Bike club rides through Mt Laurel

Story by Clarke Stackhouse

Photo by Contributed and Courtesy of


Full-time careers, full-time parents and part-time “adrenaline junkies” make up the members of the 41 Flyers, a Mt Laurel bicycle club that formed in 2011.

Michael O’Kelley had a part in helping the group come together and said it has been so much fun to have the camaraderie and exercise the group allows.

“We’re not so much of an organized club,” O’Kelley said. “We’re just a few dudes that get together for training rides and occasional races.”

O’Kelley said when the group was first starting out they were able to be sponsored by two local businesses, Fleming’s Prime Steakhouse and Cahaba Cycles.  With the help of the sponsors, O’Kelley said they were able to make a few equipment upgrades and get jerseys and shorts with the team name on them.

“It was a great opportunity to have sponsors,” he said. “It happened so quickly after we formed and some of us still have those jerseys and wear them to different races.”

He said the group started with around four guys and grew to about six members at its largest. O’Kelley said they mainly get together for early morning bike rides before work and have done a few races together.

“We all live in and around Mt Laurel and the Highway 41 corridor,” O’Kelley said. “We started calling ourselves the 41 Flyers and it just kind of stuck.”

While O’Kelley said the majority of the 41 Flyers rides are together in the early morning excursions before work, he said they have competed in a few races since forming. The most recent was the Austin Rattler 100K solo race.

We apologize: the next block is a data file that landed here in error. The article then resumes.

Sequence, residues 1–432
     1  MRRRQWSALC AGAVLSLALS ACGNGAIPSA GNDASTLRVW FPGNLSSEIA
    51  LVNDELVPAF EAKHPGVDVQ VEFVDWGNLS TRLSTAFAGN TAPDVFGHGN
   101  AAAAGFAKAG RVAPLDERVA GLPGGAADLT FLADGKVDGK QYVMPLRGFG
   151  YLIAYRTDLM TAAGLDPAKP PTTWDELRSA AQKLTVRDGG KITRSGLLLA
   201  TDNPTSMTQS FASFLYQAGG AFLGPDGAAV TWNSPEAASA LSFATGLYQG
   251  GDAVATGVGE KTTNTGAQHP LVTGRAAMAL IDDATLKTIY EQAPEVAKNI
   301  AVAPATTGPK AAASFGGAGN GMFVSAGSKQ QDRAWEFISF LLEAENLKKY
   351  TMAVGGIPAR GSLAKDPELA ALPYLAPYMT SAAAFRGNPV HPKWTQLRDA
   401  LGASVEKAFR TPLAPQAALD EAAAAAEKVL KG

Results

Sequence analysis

O’Kelley said he and two of the other flyers, Brian Parker and Chad Scroggins, competed in the event and they plan to again next year.

“It’s been great to have this group of guys to get together and just ride,” he said. “I’ve enjoyed being able to travel to races with them and their wives and the camaraderie it brings to ride and race together.”

Many racers from across the country get ready to compete in the Austin Rattler 100K solo bike race.

Many racers from across the country get ready to compete in the Austin Rattler 100K solo bike race.

Scroggins said he has ridden with the flyers the past couple of years and loves the experience it brings.

“I’ve been biking with them off and on for about three years,” he said. “We like to joke that I put in my application but never got a response back.”

Scroggins said racing in Austin was a great experience despite the challenges he faced that allowed him not to finish the race.

“The race is a 100K which is about 60 or so miles,” Scroggins said. “At about 24 miles I was involved in a multi-bike crash and ended up with a broken rib.”

Scroggins said the rib isn’t what stopped his race. He said he continued for another three miles and then had to stop due to a cut in his tire.

“I would’ve kept on going,” he said. “It’s probably better I had to stop, but I look forward to returning next year.”

O’Kelley and Scroggins said they both like how being a part of the club helps them keep in shape.

“We’re all crossing over into our early 40s and being able to ride 15 or so miles three times a week has helped us all keep in shape pretty well,” Scroggins said.

O’Kelley said he started biking in college at Auburn when he didn’t have a car and was happy to be able to find a group of guys to ride with when he and his family moved to Mt Laurel.

“It just kind of casually happened,” he said. “We were a group that got together for the joy of riding and it’s been so much fun.”

Scroggins said he had always enjoyed mountain biking in high school growing up in Pleasant Grove and enjoys still doing the endurance races with the flyers.

“It’s a great group of guys,” Scroggins said. “We are able to meet, ride and talk about our lives, work and families. It’s become sort of like a men’s Bible study on wheels.”

As the flyers wheel into the club’s sixth year, O’Kelley, Scroggins and the rest of the flyers are looking forward to the thrills, highs and lows of endurance racing and the camaraderie and enjoyment of their early morning rides.